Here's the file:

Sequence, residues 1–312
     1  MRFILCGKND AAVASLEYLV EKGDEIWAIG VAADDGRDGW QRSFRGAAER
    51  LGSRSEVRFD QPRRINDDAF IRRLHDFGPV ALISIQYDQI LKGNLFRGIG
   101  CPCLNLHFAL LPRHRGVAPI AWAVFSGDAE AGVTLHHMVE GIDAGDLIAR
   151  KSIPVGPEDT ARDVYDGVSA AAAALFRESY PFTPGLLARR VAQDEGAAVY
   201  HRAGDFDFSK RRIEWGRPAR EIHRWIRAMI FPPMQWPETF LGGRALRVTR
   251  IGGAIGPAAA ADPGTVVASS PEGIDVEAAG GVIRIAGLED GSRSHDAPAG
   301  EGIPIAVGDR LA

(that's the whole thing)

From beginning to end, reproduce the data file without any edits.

Sequence, residues 1–312
     1  MRFILCGKND AAVASLEYLV EKGDEIWAIG VAADDGRDGW QRSFRGAAER
    51  LGSRSEVRFD QPRRINDDAF IRRLHDFGPV ALISIQYDQI LKGNLFRGIG
   101  CPCLNLHFAL LPRHRGVAPI AWAVFSGDAE AGVTLHHMVE GIDAGDLIAR
   151  KSIPVGPEDT ARDVYDGVSA AAAALFRESY PFTPGLLARR VAQDEGAAVY
   201  HRAGDFDFSK RRIEWGRPAR EIHRWIRAMI FPPMQWPETF LGGRALRVTR
   251  IGGAIGPAAA ADPGTVVASS PEGIDVEAAG GVIRIAGLED GSRSHDAPAG
   301  EGIPIAVGDR LA